Yeah. Well, so I’m going to keep an eye on that for you guys, and report back. The other big news that actually came up this morning, Whole Foods launched free one-hour grocery pickup.

Mark Fairhurst:

Oh, I didn’t see that.

Sylvain Perrier:

Yeah, so that came out this morning. So, you have to spend a minimum of $35 to get this. If you spend $4.99, you can do it in 30 minutes.

Mark Fairhurst:

Oh, wow.

Sylvain Perrier:

And part of me, who needs their groceries in an hour? Just, I can’t wrap my head around that concept. I mean, we don’t see it in our data for the retailers that we have in the Mercatus stable that are doing what we call Just In Time. And I’m doing air quotes here, because it’s not necessarily true just in time. I’m wondering if this is a way for Amazon to start putting pressure on other retailers to see … and specifically Walmart, and specifically some of the other bigger ones, maybe Kroger to see what’s going to happen with that.

Mark Fairhurst:

Yeah, it certainly seems like it’s an arm race in last mile delivery or pickup.

Sylvain Perrier:

Yeah, yeah. This’ll be interesting to see how the industry reacts to this one. I want to do a quick followup. So on our last episode, on Episode Three, we talked about Ocado and the IP infringement lawsuit that was submitted against them from AutoStore. And we kind of got into the conversation of … I called it my IP Infringement 101 class. How do you deal when someone raises an infringement matter against you? And especially if you don’t have some form of letter opinion where a law firm has research and interviewed the inventors and have said, “Here’s how you can use this letter to defend against.” So, big move last week, right? So, Ocado has decided to purchase Myrmex.

Mark Fairhurst:

Yeah, I think they bought an interest. I don’t know if it’s a controlling interest, but definitely it’s enough to get a hold of their technology.

Mark Fairhurst:

… get a hold of their technology.

Sylvain Perrier:

Yeah, and their technology is very much specialized in what is called … I think the industry has coined this term and it’s not a familiar one to me. It’s called CPS, which is, essentially, it’s technology that enables click and collect. So automated robots that are installed behind a store or in a store, and they are, along with humans because you just can’t remove humans from the equation, quite frankly. And these robots are going around and they are bringing bins and so on, and the human is picking out of the bins and preparing the order. And then this robot brings these bin to a kiosk and an individual, a shopper on the other side, types in a code. There’s this really cool door that opens. It’s almost like Star Trek, right? The door opens and the bins come up, and then you just pull your bags out.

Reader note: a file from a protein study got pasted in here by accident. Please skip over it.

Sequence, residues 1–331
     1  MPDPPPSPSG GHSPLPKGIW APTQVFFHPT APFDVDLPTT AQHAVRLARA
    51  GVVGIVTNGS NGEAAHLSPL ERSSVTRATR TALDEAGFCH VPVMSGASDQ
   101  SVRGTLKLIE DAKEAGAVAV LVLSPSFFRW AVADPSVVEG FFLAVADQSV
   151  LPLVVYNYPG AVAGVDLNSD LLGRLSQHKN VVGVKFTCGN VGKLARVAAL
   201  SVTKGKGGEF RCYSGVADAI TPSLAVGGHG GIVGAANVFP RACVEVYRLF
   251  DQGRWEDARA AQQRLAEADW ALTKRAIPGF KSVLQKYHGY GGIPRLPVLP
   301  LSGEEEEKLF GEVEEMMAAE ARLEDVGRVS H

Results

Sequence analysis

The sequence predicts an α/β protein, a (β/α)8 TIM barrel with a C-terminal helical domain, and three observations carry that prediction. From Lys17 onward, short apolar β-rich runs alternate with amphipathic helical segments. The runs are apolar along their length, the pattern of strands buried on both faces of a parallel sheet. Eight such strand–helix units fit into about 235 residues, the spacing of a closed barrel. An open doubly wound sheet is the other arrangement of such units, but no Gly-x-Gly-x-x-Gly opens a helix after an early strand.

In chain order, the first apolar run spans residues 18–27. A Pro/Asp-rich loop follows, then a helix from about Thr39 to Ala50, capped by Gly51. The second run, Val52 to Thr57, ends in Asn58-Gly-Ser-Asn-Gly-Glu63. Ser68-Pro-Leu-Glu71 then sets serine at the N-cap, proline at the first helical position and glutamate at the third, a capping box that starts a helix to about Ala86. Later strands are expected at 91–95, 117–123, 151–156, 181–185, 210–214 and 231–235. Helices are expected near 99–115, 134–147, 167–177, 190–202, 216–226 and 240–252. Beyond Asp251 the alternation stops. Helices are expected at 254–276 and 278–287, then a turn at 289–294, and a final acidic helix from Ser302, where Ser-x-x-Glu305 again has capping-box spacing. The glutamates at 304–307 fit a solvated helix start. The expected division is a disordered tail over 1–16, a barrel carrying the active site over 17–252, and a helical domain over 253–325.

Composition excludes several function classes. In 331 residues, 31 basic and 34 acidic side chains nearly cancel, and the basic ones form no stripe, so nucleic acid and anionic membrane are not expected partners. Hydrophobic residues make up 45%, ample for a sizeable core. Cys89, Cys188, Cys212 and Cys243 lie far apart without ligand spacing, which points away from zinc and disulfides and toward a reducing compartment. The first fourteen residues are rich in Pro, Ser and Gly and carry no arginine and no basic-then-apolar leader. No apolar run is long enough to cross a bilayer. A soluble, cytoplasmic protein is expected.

Sylvain Perrier:

I think the point I want to make is, and John Springer wrote about this on an article for Winsight Media, and I know John, I’ve known him for years. Great writer.

Mark Fairhurst:

John’s been getting a lot of scoops lately.

Sylvain Perrier:

John is the master of scooping stories now. And even I’m jealous, quite frankly. In his article, he said, “I don’t think the industry necessarily understands why Ocado may have bought them outright or an interest in them.” When you are faced with an IP infringement lawsuit-

Mark Fairhurst:

A very public one.

Sylvain Perrier:

An extremely public one, who, by the way, you predicted that maybe Auto Store wants to be acquired. And then suddenly, I guess that day we posted our last episode, people were writing about what you said, which I found very interesting.

Sylvain Perrier:

So when I look at this potential deal here, this deal that has occurred, the way that you defend yourself, obviously, is you can go through the invalidation process, but that invalidation process is very much the same process as going through a formal prosecution. It takes years. You have to convince an examiner at the patent office, whether it’s in the UK, one for the EU, then one for the US, one for Canada, because you have to go through the jurisdictions. Or if you could do it in the US, then maybe an invalidating in the US may spill into the other jurisdictions, because the other jurisdictions do look to the US for primary opinion.

Sylvain Perrier: